Don't Blame Heavy Metal For Alleged Baltimore Shooter Bobby Gladden
By BETH WINEGARNER
On the alleged 15-year-old Baltimore shooter's Facebook page, only one unobscured face looks out at the visitor: Rammstein singer Till Lindemann's. Meanwhile, Bobby Gladden's own face is obscured by a sheaf of black hair.
Bobby Gladden's Facebook photo
Gladden was arrested Monday after allegedly opening fire in the lunchroom at Perry Hall High School. Police say he critically injured a fellow student, Daniel Borowy, before guidance counselor Jesse Wasmer tackled Gladden and took the gun away.
It wasn't long before press caught wind of the fact that Gladden considers himself a metalhead. "Teenager who allegedly opened fire in Baltimore area high school was heavy metal misfit," claimed the New York Daily News. Even the relatively objective NBC noted Gladden's love of Rammstein and Slipknot one sentence before alleging that he was bullied, suggesting the spurious chain of causation endemic to coverage of teen shootings.
We've been down this road before. After the Columbine High School shootings in April 1999, media jumped quickly on a portrait of the shooters as outcast goths who listened to Marilyn Manson. Things didn't improve when reporters discovered Eric Harris' love of heavy German bands, including Rammstein. It wasn't until much later that Harris was revealed as a psychopath -- a much more likely explanation for the shootings.
By then, much of the reporting had moved on. After all, who has that kind of attention span? Years later, Harris and his accomplice, Dylan Klebold, are still considered the archetypal school shooters: outcasts, misfits, lovers of heavy music. Given the reporting on Gladden, it's clear that we haven't evolved much in the past 13 years.
Rammstein's Till Lindemann
What do we know about heavy metal and its effect on listeners? In the late 1980s, at the peak of metal's mainstream crossover, academic Jeffrey Jensen Arnett interviewed hundreds of metalheads. He was among the first to ask them why they loved it, and they answered: for the speed and skill of the players, for the music's political and social criticism, and -- paradoxically -- to purge negative emotions and calm themselves down. The harder the music, the calmer they felt.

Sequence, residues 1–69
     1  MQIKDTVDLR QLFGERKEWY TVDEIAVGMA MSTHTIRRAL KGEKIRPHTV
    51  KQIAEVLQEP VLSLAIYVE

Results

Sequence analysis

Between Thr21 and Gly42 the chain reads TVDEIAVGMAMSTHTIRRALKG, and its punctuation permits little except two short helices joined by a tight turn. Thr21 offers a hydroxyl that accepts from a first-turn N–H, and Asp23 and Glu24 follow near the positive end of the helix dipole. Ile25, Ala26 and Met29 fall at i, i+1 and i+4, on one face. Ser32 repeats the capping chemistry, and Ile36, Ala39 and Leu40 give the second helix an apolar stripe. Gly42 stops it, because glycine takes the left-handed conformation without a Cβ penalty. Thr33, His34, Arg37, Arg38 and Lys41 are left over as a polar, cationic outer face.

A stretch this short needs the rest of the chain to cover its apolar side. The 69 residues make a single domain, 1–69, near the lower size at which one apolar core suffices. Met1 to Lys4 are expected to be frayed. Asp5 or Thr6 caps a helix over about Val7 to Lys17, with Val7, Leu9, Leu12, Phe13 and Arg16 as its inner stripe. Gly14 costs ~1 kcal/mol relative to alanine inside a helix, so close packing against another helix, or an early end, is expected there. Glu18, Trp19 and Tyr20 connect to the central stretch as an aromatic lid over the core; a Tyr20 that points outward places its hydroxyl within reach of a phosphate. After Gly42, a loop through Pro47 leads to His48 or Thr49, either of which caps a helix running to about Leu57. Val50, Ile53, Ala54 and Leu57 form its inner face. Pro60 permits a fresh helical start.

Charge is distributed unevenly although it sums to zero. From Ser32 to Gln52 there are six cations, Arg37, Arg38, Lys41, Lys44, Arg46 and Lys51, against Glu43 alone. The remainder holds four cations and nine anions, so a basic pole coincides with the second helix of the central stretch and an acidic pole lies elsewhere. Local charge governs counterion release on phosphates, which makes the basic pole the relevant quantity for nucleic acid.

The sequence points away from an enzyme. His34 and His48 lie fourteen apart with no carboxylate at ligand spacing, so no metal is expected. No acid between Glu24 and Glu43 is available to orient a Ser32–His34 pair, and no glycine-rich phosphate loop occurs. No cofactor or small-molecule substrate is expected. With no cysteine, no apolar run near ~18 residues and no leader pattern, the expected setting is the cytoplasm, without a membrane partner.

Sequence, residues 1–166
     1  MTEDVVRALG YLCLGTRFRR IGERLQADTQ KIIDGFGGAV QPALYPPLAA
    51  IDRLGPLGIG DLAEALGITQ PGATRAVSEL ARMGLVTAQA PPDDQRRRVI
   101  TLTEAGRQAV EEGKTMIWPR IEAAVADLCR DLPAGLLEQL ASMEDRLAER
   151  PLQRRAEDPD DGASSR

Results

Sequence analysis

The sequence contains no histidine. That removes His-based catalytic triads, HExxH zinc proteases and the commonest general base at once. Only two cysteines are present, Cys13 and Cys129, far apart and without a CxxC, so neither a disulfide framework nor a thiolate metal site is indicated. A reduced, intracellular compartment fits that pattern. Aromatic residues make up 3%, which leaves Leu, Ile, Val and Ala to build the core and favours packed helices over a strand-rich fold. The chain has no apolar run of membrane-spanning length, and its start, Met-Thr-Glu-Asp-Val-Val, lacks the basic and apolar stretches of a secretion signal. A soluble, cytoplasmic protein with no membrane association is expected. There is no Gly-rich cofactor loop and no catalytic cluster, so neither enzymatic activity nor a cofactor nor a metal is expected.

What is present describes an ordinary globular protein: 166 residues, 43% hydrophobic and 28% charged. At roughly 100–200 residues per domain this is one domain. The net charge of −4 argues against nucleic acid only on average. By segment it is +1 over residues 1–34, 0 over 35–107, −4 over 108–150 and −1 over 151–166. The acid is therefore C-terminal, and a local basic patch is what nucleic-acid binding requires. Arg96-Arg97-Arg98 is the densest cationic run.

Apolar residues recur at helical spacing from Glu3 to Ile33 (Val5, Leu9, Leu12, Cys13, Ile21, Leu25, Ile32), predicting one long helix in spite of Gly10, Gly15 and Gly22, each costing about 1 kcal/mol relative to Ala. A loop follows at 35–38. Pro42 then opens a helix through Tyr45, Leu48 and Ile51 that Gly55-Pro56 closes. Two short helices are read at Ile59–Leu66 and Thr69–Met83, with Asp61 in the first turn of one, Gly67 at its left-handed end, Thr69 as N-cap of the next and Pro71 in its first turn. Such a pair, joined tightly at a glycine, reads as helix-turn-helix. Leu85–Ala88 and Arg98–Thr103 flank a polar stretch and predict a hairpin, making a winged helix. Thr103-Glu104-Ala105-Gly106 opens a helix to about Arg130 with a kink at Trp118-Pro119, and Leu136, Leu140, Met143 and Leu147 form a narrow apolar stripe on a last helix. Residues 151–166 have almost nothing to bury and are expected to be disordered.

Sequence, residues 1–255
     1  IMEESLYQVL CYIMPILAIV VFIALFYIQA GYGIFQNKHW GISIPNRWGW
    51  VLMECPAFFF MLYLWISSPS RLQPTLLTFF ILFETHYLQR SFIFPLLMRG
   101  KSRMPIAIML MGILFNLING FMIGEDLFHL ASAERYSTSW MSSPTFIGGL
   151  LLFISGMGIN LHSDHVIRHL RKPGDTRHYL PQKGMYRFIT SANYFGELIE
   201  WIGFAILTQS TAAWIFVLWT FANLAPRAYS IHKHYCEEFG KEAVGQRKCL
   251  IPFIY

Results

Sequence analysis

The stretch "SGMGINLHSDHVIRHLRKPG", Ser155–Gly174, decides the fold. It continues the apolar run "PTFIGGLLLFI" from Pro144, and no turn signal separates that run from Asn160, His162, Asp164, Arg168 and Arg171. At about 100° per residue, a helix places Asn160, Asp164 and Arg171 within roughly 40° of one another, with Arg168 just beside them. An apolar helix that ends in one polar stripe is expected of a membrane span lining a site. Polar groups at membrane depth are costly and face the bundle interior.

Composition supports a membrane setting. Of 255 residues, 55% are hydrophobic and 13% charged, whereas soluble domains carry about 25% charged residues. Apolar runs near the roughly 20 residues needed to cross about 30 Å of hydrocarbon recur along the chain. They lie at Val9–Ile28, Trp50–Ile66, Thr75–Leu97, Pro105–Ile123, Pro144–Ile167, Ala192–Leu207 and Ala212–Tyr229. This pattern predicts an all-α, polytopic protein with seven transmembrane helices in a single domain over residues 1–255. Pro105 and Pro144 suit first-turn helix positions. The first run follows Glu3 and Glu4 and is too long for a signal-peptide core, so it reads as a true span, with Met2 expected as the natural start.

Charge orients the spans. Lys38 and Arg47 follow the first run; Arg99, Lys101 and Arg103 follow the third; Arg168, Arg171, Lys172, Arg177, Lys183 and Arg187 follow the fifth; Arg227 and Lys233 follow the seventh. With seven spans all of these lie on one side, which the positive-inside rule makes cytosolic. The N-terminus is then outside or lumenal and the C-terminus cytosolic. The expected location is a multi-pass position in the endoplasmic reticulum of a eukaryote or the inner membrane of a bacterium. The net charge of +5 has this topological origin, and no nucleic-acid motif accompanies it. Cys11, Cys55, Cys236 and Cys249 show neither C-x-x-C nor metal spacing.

Although misfits and metal go hand in hand, the music doesn't make the misfit, Arnett argues. In fact, he prescribes a steady diet of the music to keep metalheads out of trouble.
Culturally, we have a hard time ascribing adult-level motivations to kids, especially when we're talking about attempted murder. If a grownup brings a gun to the workplace -- like, say, a handbag manufacturer near the Empire State Building -- job loss and disappointment are acceptable explanations.
Even in the case of someone like Wade Michael Page, who police say shot and killed six at a Milwaukee Sikh temple earlier this month, music didn't pull the trigger. Page played in white-supremacist hardcore bands. But it was his racism and hatred that fueled the alleged shooting; neo-Nazi metal, distasteful as it is, was a less deadly outlet for Page's sentiments.
But we don't think of kids as possessing that level of agency. Instead, when they shoot classmates -- a scene that has repeated itself dozens of times -- we assume their passive, spongelike minds must have soaked up the idea from some shred of violent media: violent video games, for example, or heavy metal. And yet, there's no scientific evidence for these claims.
Meanwhile, connecting heavy music, youth subcultures and violence has unintended consequences. After Columbine, young goths nationwide were regarded with suspicion and forced to leave their black clothes at home, lest they become the next shooter. Marilyn Manson canceled his tour, even though Harris and Klebold weren't fans. To this day, metalheads around the world face bullying and police harassment, in part due to the myth that they are somehow more violent than the average citizen.
Gladden wanted his Facebook visitors to see Lindemann's face, not his own. Like many teens, he's probably just starting to figure out who he is: a kid who delights in making super straws and spotting giant spiders. A kid who isn't sure which face he wants to show the world. In Rammstein's music, he may have found some comfort. That doesn't mean he found in it the desire to kill.